The features you need will vary based on what you sell, but be sure to pay attention to how customers view the product.
Keyword research and site search data can provide useful insights here.
Availability and Delivery Timeframes
This is important – especially now.
In the age of supply chain issues and product shortages, availability often plays a larger role than price.
If you have it in stock for immediate shipping, you only increase your chances of getting the sale.
Make sure your ecommerce shop is set up to show stock availability and delivery estimates to customers before purchasing.
Pricing and Promotions
It’s simple: Make your discounts clear for your customers.
If the 20% discount means the price is from $ 53.99 to $ 43.19, do the math for the customer instead of just saying “20% discount.”
6. Product Detail Page
What information is useful to your customer in determining if a product is the right option or not?
Start a list and start implementation.
Here are some suggestions to make sure your product detail page is optimized.
- Use Case scenarios.
- Photos from every angle of the product.
- Ability to zoom in on an image.
- Video overview.
- A/R experience.
- Inventory, stock status, or delivery timeframe.
- Moderated reviews.
- Detailed specifications.
The biggest takeaway here is to understand what’s important to your customers and be sure to include it.
Take something as simple as a shirt, for example.
Customers may be interested in things like:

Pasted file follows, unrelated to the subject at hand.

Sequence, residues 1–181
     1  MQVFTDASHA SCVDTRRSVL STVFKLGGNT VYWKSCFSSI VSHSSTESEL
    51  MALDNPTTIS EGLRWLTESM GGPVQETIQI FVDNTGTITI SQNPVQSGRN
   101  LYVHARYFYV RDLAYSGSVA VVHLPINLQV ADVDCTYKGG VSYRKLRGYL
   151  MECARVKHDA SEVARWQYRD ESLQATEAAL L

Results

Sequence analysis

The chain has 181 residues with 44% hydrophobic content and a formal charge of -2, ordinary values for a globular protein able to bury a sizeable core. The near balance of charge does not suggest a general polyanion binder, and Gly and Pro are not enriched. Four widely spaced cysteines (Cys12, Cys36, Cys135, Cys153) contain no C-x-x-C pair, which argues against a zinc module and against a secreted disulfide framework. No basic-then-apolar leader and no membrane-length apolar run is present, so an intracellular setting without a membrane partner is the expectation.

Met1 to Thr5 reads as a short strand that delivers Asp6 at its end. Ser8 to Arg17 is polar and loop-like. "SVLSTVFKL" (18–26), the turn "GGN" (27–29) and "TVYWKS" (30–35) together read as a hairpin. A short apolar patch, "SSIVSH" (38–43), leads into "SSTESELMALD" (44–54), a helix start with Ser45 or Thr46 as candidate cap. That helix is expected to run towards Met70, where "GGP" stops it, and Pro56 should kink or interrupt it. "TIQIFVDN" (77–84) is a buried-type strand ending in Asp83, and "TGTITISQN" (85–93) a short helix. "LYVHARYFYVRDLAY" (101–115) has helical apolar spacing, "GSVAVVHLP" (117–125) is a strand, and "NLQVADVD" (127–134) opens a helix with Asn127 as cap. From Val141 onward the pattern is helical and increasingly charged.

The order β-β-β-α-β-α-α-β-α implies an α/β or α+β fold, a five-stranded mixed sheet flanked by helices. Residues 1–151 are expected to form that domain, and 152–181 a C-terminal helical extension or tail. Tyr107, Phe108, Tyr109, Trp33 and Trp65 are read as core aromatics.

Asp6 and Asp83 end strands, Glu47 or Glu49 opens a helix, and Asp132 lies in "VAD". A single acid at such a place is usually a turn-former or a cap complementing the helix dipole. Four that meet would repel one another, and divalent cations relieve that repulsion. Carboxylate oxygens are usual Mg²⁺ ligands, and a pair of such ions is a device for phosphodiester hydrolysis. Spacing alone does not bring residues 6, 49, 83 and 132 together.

- Cleaning instructions (dry clean, machine, hand wash, separate, cold hang dry, etc.).
- Country of origin.
- Sustainability/environmental friendliness.
- Ethical manufacturing.
- Wrinkle care.
- Sizing chart.
It’s important: The above list for shirts is not complete or applicable to everyone. If you’re selling a cheap t-shirt with a silly slogan, that audience will care about something very different than a high-end top.
7. The Shopping Cart
Think of the shopping cart as a critical point in the buying journey where your customer can finalize the decision and move on, or begin to guess themselves.
Here are some tactics to use to help relieve customer anxiety:
- Make sure you have an easy path back to the product detail page so that the customer can research any details required.
- Clearly and customer-friendly return policy.
- Clarity of pricing/savings. Again, don’t give the customer a math problem to solve.
- Clear and flexible fulfillment options (Example: Send home, send to store, pick up at store).
- Related cross-sells (see #3).
- Set up an abandoned cart program where a logged in customer gets email if a product is left in a cart for X period of time.
8. Checkout Process
Here are some things you want to make sure you have to make sure the customer completes the checkout process after making it up to here:
- Ability to easily make a “guest checkout.”
- Clear checkout instructions so as not to lose or overwhelm the customer.
- Include free/cheap shipping option (even if it’s a “slow boat” option, you want to give the customer a free option).
- Make sure a customer can take advantage of their browser’s auto-fill capabilities to reduce friction.
- Buy Now Pay Later (BNPL) options. You might think that your product’s price point isn’t high enough to bother with BNPL options, but you’d be surprised how popular it is with an option for sub- $ 100 orders.
9. Must Have Mobile Web Experience
10 years ago, a mobile ecommerce audit had its own separate checklist.
Now, there is no separate checklist.
Everything mentioned in points one through eight applies equally to the mobile experience.
The action item is clear: Test everything on mobile to ensure a pleasant experience for your customer.
While focusing on these items cannot guarantee success, your ecommerce revenue is more likely to grow by optimizing the areas covered in this post.
If you are just starting out, use this article as a checklist to put you on the path to progress and in a year you will look back and thank yourself.
Featured Image: New Africa/Shutterstock